Developing methodology for “smart” search for political process markers in social media
Keywords:social media, cybermetrics, graph analysis, marker-based smart search, social and political processes
AbstractThe paper describes the methodological framework for political process studies based on social media markers. The empirical basis of the paper is a number of authors’ studies carried out using Predictor Mining, an interdisciplinary approach combining Data Mining and Social Computing. Predictor Mining is a computer-assisted technique which allows extracting data from unstructured chaotic large data flow for further analysis and prediction of political protests and their dynamics. A special attention is paid to the core principles of predictive mining related to the creation of protest markers of online user behavior in Russia and abroad. The article describes how Data Mining and Social Computing techniques help to evaluate the risks and possibilities to resist the technologies of mobilization of protest settings in the modern Russian and post-Soviet countries. The authors present the results of a comparative analysis of the specifics of mass political protest in Russia compared with Ukrainian and Moldavian cases. The following measurements related to the cases were made by the authors: analysis of active nihilistic and passive nihilistic data flows in the Ukrainian social media discourse (2014, computer-assisted classification of data flow); analysis of protest-related tag cloud in the Russian social media (2011—2017, discourse analysis); analysis of the use of social media as a tool for mobilizing political protest in Russia (2011—2017; cybermetrics); defining the structure of user roles and the density of social ties in the Russian and Ukrainian VKontakte protest communities (2017, building social graphs); analysis of social and political protest of collective actors in Russia (Manezh square, Kondopoga, Pugachev, Rostovon- Don, Biryulevo, Mineralnye Vody) (2006—2014, triangulation involving event analysis, discourse analysis and cybermetrics). Using a combination of different approaches to data acquisition and analysis such as survey techniques, content analysis, online and offline, qualitative and quantitative, traditional and Big Data techniques which are in fact a methodological experiment, the authors draw certain conclusions and propose recommendations related to the search for political protest markers in the web. As to the prospects of Predictor Mining, the authors consider that there is a need to elaborate a method that could encompass preliminary assessment, scenario planning and forecasting of regional and national social and political processes using the online traces.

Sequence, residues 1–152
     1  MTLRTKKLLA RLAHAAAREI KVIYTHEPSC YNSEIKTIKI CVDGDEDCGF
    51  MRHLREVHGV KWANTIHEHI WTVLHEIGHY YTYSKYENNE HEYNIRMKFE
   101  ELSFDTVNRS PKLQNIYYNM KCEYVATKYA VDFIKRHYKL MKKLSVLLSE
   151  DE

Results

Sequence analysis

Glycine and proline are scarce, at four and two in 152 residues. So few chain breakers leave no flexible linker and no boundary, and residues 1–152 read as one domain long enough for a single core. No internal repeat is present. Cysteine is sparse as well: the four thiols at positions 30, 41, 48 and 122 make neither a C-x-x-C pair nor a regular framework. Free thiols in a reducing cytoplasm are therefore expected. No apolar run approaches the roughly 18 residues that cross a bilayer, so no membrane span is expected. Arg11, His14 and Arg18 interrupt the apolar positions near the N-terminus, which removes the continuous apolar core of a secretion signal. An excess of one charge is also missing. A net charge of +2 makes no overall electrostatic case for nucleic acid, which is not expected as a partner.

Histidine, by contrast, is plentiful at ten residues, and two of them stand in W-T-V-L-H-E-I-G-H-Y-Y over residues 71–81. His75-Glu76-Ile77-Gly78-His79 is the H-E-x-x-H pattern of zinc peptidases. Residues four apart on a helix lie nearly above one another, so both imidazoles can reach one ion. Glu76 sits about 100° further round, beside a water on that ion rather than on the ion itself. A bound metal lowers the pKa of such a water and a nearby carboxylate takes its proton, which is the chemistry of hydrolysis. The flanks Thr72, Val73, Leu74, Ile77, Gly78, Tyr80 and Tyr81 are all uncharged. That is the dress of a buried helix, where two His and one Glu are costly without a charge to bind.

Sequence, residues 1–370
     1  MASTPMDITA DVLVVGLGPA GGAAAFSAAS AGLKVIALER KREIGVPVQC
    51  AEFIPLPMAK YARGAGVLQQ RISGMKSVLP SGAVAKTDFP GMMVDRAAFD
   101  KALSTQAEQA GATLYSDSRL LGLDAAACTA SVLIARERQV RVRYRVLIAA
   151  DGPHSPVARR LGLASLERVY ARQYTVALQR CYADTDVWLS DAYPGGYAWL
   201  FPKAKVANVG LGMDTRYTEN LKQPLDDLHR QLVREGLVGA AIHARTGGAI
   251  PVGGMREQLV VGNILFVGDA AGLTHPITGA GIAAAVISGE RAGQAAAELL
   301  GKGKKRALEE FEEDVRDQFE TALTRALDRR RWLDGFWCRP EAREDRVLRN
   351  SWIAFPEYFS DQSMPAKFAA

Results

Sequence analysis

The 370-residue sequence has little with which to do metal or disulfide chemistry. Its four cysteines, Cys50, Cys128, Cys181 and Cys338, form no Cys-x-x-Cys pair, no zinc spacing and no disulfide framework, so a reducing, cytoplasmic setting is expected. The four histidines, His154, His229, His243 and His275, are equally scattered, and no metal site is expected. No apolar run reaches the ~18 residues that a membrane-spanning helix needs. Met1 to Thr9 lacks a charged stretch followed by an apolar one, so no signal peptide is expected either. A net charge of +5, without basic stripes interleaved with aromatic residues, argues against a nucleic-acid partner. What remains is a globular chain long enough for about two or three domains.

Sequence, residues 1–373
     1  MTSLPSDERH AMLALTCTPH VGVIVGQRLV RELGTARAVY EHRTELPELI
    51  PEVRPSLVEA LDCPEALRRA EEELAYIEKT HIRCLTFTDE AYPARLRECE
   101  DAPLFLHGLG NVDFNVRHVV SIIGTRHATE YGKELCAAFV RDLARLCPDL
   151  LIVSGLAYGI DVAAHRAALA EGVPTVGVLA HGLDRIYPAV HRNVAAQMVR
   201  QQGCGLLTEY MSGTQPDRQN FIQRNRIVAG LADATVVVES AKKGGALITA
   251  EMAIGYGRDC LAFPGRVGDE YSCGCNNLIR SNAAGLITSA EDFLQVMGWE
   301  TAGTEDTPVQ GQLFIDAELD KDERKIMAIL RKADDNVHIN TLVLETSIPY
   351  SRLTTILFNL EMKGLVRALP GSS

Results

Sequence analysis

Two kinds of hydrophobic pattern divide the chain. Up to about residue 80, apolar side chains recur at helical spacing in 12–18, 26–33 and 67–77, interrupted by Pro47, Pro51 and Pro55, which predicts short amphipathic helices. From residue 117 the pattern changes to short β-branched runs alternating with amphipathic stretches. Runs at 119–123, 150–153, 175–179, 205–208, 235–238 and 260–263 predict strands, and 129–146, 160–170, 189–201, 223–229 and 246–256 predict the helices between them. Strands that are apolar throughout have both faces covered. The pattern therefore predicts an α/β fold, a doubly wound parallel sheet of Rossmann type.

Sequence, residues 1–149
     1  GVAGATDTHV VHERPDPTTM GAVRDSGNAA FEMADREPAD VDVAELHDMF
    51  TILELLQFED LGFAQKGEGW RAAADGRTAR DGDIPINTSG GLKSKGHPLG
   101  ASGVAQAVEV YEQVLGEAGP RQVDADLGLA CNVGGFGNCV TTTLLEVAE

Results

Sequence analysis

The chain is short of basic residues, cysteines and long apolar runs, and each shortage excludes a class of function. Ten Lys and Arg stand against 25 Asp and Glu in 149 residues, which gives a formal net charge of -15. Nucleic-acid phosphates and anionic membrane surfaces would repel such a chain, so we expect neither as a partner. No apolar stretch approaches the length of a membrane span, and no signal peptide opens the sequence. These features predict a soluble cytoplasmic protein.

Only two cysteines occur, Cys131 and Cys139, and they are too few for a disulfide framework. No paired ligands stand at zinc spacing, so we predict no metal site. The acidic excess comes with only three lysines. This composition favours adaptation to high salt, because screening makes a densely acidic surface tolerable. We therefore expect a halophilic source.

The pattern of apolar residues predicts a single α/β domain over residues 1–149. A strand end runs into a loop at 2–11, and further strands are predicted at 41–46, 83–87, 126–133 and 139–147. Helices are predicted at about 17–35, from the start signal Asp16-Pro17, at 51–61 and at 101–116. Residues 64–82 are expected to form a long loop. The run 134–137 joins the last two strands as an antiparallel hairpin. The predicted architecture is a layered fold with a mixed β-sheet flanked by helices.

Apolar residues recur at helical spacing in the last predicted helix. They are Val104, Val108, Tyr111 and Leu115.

METHODS AND METHODOLOGY